David Dabydeen: the odyssey continues…

Preserving our literary heritage
by Petamber Persaud
Guyana Chronicle
December 31, 2006

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David Dabydeen

WHEN David Dabydeen was born in 1955, Martin Carter had already published his signal collection, Poems of Resistance, which solidified Carter’s reputation as the foremost poet of Guyana and the Caribbean.

Some fifty years later, Dabydeen had become the foremost advocate in the Martin Carter research saga, maintaining and extending the focus on the life and work of Carter. In 2005, Dabydeen was influential in establishing the Martin Carter Scholarship, providing funds for less fortunate school children.

In December 2006, to mark the ninth death anniversary of Carter, Dabydeen was instrumental in erecting a plaque on the house in Lamaha Street, Queenstown, where Carter lived from 1963 to 1997.

Dabydeen has developed an enormous respect for his, as he termed it, literary ancestors which also include Shakespeare, Naipaul, Braithwaite, “definitely Walcott” (his words) and “definitely Wilson Harris”.

Dabydeen feels he has an obligation to ‘talk back’ to those writers as in a guild of writers carrying on a conversation, extending the dialogue.

Also during those fifty years, Dabydeen started an odyssey that led to him becoming Guyana’s leading contemporary artist, writer of poems, novels, academic papers, and radio and film scripts.

In 1984, Dabydeen won the Commonwealth Poetry Prize with his first book of poems, Slave Song. The same book won him the Quiller-Couch Prize in 1984.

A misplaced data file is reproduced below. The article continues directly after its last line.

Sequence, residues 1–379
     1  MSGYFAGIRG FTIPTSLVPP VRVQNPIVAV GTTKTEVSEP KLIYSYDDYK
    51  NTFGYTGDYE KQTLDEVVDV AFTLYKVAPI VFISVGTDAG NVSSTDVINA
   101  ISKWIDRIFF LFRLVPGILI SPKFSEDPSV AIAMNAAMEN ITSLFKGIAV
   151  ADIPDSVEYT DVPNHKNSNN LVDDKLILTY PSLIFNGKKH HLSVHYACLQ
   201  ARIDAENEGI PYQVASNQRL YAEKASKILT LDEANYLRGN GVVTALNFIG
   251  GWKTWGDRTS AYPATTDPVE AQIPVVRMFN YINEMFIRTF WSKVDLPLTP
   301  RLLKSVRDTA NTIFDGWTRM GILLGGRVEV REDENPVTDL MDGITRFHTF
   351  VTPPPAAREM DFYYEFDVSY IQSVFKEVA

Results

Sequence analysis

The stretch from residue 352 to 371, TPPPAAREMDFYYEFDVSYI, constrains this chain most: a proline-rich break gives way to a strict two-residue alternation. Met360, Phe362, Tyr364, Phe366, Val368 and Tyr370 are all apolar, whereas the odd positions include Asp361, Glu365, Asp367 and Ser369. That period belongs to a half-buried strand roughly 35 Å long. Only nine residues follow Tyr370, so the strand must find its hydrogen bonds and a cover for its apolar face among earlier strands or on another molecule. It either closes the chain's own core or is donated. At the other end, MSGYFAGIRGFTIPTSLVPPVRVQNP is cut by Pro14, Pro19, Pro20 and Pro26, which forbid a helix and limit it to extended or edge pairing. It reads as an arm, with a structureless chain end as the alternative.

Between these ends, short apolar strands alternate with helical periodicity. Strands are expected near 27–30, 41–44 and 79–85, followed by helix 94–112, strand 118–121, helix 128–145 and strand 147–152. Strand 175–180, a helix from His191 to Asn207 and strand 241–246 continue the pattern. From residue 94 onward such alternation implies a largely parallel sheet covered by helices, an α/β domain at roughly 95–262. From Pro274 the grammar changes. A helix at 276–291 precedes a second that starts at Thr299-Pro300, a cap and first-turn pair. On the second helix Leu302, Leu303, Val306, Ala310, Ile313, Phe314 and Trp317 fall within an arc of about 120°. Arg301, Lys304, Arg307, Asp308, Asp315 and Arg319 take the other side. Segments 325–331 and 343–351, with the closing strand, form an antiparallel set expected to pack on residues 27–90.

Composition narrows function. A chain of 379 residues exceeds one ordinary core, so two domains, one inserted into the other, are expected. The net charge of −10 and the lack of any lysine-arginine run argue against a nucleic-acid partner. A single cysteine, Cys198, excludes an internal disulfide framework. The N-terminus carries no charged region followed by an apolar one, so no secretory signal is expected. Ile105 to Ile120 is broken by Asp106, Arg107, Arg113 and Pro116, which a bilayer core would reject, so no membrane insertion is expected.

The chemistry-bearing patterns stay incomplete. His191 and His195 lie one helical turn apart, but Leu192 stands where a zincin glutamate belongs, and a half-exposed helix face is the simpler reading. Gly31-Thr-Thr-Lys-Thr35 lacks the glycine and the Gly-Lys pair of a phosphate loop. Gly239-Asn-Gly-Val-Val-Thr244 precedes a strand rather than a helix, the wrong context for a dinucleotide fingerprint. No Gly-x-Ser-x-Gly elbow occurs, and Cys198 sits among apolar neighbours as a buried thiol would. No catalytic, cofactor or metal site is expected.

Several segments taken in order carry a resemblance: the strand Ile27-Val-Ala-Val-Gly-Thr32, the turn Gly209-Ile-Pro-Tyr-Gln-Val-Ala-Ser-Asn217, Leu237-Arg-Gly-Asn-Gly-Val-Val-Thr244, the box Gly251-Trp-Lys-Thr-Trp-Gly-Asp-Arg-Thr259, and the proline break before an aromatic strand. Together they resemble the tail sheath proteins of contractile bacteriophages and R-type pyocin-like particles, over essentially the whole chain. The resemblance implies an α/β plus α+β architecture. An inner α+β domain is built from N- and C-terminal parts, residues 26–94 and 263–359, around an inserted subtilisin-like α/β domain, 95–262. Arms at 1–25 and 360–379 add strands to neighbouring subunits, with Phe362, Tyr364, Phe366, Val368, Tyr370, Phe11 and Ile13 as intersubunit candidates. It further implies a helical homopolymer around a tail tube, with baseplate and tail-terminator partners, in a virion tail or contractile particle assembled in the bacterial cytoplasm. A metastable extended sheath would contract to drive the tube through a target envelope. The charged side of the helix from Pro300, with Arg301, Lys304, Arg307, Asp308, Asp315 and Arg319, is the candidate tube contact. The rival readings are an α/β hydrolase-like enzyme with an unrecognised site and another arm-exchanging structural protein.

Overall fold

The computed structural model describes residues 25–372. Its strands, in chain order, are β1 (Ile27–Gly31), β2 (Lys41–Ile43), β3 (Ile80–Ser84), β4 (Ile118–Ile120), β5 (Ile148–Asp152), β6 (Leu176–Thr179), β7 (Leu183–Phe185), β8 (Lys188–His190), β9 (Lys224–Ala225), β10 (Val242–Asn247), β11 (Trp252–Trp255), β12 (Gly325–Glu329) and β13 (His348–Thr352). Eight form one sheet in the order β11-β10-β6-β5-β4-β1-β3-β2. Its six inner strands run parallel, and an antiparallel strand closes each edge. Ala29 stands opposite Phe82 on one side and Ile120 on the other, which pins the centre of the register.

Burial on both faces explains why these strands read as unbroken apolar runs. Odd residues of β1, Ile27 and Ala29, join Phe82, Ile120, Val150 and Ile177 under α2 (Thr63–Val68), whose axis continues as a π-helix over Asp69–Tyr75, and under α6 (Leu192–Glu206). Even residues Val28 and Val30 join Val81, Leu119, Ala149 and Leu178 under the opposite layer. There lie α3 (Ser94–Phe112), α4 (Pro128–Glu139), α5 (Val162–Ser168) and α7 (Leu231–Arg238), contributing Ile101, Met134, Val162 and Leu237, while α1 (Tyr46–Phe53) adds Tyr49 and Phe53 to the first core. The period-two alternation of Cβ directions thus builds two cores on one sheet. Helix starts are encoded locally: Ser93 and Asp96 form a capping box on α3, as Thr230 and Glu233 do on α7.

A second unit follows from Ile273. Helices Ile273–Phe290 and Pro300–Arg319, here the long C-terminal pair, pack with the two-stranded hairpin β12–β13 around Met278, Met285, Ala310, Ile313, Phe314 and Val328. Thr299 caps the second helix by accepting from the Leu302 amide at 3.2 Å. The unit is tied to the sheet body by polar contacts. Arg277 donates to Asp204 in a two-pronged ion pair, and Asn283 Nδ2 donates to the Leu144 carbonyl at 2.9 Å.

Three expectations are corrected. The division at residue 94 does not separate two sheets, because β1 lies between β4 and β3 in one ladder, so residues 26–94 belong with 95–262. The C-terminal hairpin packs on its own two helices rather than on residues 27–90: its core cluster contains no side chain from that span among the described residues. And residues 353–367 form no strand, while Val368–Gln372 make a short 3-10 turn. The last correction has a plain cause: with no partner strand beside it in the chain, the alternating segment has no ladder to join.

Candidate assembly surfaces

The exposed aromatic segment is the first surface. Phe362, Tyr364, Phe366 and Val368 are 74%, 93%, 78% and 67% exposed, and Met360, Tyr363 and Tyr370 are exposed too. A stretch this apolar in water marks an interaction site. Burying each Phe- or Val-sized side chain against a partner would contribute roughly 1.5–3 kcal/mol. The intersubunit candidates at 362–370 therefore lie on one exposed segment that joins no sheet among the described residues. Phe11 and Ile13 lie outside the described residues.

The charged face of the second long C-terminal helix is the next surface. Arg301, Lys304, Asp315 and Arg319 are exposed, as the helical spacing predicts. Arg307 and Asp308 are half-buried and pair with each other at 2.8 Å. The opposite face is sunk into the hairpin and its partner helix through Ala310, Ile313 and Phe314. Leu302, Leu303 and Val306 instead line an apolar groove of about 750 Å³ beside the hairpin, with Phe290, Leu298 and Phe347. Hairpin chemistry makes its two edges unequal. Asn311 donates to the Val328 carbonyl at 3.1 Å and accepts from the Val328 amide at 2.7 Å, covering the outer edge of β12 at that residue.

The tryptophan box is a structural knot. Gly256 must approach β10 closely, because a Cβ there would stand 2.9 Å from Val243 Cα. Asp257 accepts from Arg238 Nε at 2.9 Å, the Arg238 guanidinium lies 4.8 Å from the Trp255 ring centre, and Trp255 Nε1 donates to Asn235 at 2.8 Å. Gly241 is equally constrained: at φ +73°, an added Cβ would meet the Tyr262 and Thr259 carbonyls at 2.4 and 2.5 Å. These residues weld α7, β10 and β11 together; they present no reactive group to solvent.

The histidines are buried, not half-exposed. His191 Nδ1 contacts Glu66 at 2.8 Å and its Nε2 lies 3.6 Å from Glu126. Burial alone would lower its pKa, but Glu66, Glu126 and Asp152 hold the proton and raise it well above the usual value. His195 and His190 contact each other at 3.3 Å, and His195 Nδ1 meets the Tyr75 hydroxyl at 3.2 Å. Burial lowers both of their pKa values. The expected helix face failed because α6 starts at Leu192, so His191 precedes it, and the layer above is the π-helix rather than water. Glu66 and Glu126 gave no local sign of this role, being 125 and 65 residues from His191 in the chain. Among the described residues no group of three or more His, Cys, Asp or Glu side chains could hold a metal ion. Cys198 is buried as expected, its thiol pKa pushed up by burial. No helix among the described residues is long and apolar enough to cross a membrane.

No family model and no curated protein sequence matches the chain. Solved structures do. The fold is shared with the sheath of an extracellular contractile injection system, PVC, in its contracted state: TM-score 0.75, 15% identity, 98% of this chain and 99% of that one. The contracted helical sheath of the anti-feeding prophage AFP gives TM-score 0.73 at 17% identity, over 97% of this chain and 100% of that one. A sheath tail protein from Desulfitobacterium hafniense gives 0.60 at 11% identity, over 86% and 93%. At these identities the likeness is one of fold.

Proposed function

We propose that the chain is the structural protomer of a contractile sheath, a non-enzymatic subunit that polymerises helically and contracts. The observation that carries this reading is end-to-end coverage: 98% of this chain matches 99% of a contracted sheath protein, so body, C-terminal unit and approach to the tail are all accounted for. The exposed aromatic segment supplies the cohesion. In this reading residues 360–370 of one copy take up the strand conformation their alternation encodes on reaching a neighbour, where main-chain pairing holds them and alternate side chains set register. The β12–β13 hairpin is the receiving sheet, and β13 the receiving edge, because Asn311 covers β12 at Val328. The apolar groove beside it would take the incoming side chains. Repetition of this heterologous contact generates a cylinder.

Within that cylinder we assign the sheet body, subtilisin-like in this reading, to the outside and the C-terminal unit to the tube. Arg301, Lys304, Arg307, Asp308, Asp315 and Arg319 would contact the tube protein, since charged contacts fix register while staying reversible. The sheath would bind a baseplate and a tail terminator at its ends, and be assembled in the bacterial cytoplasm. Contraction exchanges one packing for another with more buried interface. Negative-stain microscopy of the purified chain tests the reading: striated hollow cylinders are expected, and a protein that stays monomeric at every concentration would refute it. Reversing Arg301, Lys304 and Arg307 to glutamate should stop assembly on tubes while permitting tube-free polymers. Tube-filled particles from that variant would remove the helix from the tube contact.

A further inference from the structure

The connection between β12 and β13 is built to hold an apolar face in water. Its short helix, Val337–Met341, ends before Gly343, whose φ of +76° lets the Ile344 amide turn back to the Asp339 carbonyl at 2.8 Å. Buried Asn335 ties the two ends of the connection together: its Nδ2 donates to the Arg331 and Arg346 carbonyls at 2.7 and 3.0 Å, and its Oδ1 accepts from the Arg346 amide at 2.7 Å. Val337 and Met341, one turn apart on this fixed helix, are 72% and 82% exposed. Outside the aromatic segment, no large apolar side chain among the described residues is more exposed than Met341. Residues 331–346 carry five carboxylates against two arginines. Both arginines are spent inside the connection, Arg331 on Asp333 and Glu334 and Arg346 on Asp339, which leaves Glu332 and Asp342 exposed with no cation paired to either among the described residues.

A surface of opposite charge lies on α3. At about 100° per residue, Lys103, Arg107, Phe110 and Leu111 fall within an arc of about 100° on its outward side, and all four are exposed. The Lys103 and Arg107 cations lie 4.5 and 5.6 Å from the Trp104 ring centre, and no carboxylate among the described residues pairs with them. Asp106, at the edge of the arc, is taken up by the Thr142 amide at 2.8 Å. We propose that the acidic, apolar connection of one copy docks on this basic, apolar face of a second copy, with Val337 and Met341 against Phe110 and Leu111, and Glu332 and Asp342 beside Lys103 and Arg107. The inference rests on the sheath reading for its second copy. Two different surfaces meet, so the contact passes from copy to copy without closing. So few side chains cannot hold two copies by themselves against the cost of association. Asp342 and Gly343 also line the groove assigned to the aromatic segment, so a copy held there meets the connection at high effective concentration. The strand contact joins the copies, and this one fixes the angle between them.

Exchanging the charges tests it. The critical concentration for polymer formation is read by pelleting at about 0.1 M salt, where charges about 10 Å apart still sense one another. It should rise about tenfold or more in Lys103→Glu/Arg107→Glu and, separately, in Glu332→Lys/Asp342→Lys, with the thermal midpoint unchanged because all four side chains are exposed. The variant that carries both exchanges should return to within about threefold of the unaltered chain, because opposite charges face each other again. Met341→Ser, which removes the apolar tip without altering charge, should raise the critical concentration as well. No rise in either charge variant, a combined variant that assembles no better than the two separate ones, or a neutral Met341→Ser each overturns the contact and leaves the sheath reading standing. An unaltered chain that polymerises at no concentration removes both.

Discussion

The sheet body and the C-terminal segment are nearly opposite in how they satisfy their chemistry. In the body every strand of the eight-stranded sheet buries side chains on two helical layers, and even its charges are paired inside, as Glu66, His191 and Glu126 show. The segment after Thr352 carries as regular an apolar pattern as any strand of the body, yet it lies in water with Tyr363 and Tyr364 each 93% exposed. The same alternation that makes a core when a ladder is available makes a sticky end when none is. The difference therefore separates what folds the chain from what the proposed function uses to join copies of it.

David Dabydeen’s “The Intended” tells of the social divisions, educational obstacles, and self-exploration of a struggling foreigner in the mid-20th century.

In 1991, he won the Guyana Prize for Literature with his first novel, The Intended. He went on to win the Guyana Prize on two other occasions. In 2000, it was for the novel “A Harlots Progress” and in 2004, Our Lady of Demerara.

In 2004, also, he was presented with the Raja Rao Award for Literature, India, for “outstanding contribution to the Literature of the South Asian Diaspora”. Dabydeen has been awarded the title of fellow of the Royal Society of Literature.

That tabulation shows the recognition of Dabydeen’s work in his ancestral home, in his birthplace and in his adopted home.

Two of his poems, “Coolie Mother” and “Coolie Son” are studied in schools throughout the Caribbean.
The first is about a mother working hard to educate her son in order to prevent him succumbing to the vicious sugar estate mentality. Those poems form part of Dabydeen’s collection “Coolie Odyssey”, which illustrates the formative years of the author’s odyssey.

David Dabydeen was born in December 1955 in Brighton Village, Corentyne, Berbice, British Guiana. It was a time of political crisis and reduction of colonial rule, a period that led to strain relationship among the peoples of this country, a period that led to the disruption of lives and families and migration.

Although he was born of peasant parents, Krishna Prasad and Vera Dabydeen, he managed to do well in school, winning a full scholarship to attend Queen’s College, the top school in Georgetown.